Cappadocia, Turkey: Details on how to get there, where to stay, what to do
Turkish Airlines is one of the few commercial airlines to fly to Baghdad, so a stop in Turkey on the way home seemed like a natural choice. Also, I had this vague feeling that I wanted to continue exploring the vestiges of the ancient world that had opened up to me in Iraq. Seeing shepherds minding their flocks on a dusty road to Kirkuk, for example, had evoked biblical times. And in Turkey, which had been a refuge for the early Christians, there are still communities that speak the ancient tongue of Aramaic.
Most of all, though, I wanted to go somewhere cool. Literally.
After a bit of Googling, I hit on Cappadocia, the region in central Turkey known for its volcanic rock formations. After a bit more Googling, I found Serinn House, a boutique hotel set into the ashy cliffs of Urgup, with cave rooms outfitted in chic modernist decor.
But as my plane began its descent into the airport in Kayseri after a short flight from Istanbul, I started to panic. From the air, the landscape below had the arid look of the desert I’d just left behind. As a mountain range came into view, I realized that I’d been so busy covering al-Qaeda attacks and troop movements that I had no idea what those mountains even were. Disembarking, I faced lost luggage and a pounding headache from a drop in temperature of about 40 degrees. I wondered about the wisdom of my decision.
All I wanted to do was to sit on a stone terrace somewhere and sip a crisp white wine. I was hot, tired, sweaty and overwhelmed. Had I made a terrible mistake?
My fears were somewhat allayed as the airport shuttle rattled through a Mediterranean landscape of apricot trees and terra cotta houses. After a little more than an hour, the driver took a sharp left turn and climbed a bumpy stone hill, depositing me in front of Serinn House.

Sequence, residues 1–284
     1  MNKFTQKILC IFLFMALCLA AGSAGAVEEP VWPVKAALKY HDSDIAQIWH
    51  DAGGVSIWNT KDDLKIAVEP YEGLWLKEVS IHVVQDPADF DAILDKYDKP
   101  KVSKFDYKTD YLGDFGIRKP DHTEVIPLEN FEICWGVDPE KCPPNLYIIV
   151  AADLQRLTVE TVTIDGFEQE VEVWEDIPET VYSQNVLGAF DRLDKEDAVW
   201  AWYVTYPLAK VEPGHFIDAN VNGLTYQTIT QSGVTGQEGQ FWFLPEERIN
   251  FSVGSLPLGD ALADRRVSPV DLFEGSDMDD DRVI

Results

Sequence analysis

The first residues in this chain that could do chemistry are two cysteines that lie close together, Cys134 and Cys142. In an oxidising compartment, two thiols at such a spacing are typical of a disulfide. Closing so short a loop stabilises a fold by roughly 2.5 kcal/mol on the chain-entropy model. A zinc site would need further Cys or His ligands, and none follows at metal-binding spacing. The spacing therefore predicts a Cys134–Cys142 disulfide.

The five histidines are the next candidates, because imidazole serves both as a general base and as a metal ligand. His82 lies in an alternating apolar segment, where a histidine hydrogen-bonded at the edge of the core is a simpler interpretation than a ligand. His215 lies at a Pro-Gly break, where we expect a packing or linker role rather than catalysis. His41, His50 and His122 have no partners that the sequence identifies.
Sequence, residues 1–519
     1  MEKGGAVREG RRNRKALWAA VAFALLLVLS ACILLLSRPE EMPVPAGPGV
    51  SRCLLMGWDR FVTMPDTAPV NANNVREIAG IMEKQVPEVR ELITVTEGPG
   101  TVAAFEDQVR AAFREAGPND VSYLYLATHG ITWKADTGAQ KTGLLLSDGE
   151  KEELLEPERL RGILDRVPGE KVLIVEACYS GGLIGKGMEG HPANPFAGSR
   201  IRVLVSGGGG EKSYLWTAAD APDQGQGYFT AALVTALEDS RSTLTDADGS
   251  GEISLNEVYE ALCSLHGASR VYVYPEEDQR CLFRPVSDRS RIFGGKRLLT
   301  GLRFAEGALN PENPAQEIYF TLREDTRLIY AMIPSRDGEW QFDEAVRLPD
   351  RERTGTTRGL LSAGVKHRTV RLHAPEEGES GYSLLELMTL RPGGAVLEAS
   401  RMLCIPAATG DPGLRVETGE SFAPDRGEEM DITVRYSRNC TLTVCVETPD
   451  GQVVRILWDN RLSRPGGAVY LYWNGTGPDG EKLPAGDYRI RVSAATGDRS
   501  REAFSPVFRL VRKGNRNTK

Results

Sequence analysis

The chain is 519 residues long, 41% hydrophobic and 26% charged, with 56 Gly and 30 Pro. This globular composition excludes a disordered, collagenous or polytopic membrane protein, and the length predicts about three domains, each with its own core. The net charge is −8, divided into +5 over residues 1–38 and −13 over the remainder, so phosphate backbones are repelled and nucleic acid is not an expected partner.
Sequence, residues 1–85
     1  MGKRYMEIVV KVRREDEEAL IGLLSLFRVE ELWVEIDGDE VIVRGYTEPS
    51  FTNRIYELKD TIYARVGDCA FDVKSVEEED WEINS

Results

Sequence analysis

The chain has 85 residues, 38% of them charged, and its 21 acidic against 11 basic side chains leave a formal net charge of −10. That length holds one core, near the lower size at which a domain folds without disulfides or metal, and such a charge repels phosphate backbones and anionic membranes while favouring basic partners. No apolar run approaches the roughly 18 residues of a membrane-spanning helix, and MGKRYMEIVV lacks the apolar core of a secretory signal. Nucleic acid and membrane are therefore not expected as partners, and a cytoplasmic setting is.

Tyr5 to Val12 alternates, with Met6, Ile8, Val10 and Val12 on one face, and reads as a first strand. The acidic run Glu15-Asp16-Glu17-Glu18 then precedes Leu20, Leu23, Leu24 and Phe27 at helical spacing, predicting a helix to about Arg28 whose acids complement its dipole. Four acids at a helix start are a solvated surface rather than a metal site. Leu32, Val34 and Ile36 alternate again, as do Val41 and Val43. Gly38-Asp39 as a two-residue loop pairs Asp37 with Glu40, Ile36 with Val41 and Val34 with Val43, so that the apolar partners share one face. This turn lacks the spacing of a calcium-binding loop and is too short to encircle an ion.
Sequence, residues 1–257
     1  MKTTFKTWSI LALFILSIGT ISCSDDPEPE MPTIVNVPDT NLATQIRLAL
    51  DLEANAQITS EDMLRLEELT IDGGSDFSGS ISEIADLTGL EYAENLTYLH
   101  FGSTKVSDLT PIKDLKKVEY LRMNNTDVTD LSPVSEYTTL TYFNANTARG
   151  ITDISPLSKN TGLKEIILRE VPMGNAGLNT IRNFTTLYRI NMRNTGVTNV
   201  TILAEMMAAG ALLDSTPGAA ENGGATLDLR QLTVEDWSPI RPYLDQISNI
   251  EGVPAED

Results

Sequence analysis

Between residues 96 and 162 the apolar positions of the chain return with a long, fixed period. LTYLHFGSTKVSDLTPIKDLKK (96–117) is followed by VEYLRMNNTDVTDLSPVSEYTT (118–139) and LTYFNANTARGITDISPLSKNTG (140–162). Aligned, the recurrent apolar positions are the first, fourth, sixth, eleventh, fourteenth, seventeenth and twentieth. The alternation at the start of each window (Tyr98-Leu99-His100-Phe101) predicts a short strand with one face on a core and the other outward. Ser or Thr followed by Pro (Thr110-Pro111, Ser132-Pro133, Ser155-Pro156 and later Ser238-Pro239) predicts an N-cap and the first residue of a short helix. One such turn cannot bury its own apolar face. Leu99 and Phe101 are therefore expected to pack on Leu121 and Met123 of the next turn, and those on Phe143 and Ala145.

Owner Eren Serpen, warm and friendly, opened the carved wood door to greet me, offering me a chilled glass of water and a snack. The hotel — now charming — was a ruin when Serpen bought it in 2004 and hired Istanbul architect Rifat Ergor to design its six rooms.
I declined the snack and went right to my cave. It didn’t disappoint: The raised bed was nestled beneath the arching cave wall, and the room was outfitted with a white Habitat sofa and trendy lamps. I opened the window to let the fresh air in and flopped onto the bed for a nap.
I awoke to dusk and the familiar sound of the muezzin — the Muslim call to prayer from the local mosque — floating through my open window. There was something else, too: divinely cool air. I got out my journal and wrote, “The cool air is like a bomb,” before I realized my mistake, crossed out “bomb” and wrote “balm.”